One of the most common methods of cooking economically is OAMC, or once a month cooking. You buy huge amounts of groceries and cook up large quantities of several dishes, then freeze them in meal sized batches. This technique uses economical bulk buying and makes efficient use of the original meal preparation time. Maybe the biggest plus is that putting something in the oven to reheat is much easier at the end of a busy day than preparing something from scratch. If the technique sounds attractive, there are lots of recipes and guides online on how to do it well. The reason I don't use OAMC is that I can't get excited about reheated frozen meals on a regular basis, but if I had a job and a dozen kids I would probably resort to this method for at least a couple of nights a week.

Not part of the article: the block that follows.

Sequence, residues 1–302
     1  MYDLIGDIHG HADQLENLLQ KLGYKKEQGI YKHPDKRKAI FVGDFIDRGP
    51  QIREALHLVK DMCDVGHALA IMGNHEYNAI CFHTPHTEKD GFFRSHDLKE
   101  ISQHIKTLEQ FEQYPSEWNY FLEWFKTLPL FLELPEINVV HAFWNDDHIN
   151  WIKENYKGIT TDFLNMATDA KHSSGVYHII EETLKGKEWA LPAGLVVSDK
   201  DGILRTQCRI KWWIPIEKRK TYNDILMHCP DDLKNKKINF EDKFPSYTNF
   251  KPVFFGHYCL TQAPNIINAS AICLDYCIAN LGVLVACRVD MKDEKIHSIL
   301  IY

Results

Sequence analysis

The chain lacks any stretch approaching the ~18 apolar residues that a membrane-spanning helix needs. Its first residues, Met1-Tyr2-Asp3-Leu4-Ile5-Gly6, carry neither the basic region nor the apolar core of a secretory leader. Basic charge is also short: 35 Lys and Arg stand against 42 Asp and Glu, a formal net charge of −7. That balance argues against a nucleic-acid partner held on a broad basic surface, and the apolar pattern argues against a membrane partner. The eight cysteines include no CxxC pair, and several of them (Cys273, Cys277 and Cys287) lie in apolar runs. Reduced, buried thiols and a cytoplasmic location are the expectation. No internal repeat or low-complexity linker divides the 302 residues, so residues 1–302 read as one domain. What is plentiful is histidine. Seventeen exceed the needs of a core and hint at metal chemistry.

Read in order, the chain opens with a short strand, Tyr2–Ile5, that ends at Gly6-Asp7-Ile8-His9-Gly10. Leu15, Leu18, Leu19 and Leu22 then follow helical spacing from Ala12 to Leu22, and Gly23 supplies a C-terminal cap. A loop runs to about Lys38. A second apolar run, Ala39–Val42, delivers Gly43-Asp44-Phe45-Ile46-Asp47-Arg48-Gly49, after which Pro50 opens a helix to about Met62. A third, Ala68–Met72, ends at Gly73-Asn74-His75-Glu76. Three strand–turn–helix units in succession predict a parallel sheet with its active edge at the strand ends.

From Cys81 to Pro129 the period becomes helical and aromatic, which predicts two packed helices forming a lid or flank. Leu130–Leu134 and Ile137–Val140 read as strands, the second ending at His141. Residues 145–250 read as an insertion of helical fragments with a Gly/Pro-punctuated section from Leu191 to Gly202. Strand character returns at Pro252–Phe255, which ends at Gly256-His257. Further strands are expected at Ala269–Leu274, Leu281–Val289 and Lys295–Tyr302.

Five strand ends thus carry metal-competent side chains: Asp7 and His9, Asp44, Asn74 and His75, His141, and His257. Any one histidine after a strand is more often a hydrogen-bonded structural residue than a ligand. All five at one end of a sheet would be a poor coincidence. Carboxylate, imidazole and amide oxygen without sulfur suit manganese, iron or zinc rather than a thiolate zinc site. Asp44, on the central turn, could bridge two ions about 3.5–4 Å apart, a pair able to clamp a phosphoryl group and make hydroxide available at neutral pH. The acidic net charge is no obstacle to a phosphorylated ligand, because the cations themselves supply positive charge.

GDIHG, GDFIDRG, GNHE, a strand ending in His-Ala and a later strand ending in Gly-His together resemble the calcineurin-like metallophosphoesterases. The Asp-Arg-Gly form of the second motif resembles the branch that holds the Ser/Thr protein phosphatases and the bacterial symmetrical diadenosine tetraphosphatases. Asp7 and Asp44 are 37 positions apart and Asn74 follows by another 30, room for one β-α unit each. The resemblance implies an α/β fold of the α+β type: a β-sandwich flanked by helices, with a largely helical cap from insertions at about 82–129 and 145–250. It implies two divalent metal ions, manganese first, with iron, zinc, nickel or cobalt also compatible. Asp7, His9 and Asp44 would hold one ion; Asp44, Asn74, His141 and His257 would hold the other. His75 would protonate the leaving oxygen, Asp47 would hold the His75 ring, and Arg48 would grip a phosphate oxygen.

The best book I have found on eating frugally is How to Cook a Wolf, by MFK Fisher. Rather than treating food as fuel and focusing on the biggest nutrition bang for buck, the book teaches how to be satisfied and generous in a way that is not high maintenance. Breakfast, for example, can be toast. You can use good grainy bread with lots of character and lash it with butter and honey, and it is still economical. Cooked oatmeal with raisins, brown sugar, milk, and half a banana usually keeps me going til late afternoon and still comes in under fifty cents per serving.
No matter what groceries cost, it is expensive to have things on hand that are not used. The cheapest way to shop is to not buy. The cheapest way to eat is to not eat. If you are not hungry and will have a chance to eat later, always eat later instead of now. Hunger is one of the biggest factors in whether eating is enjoyable or not, and the most overlooked.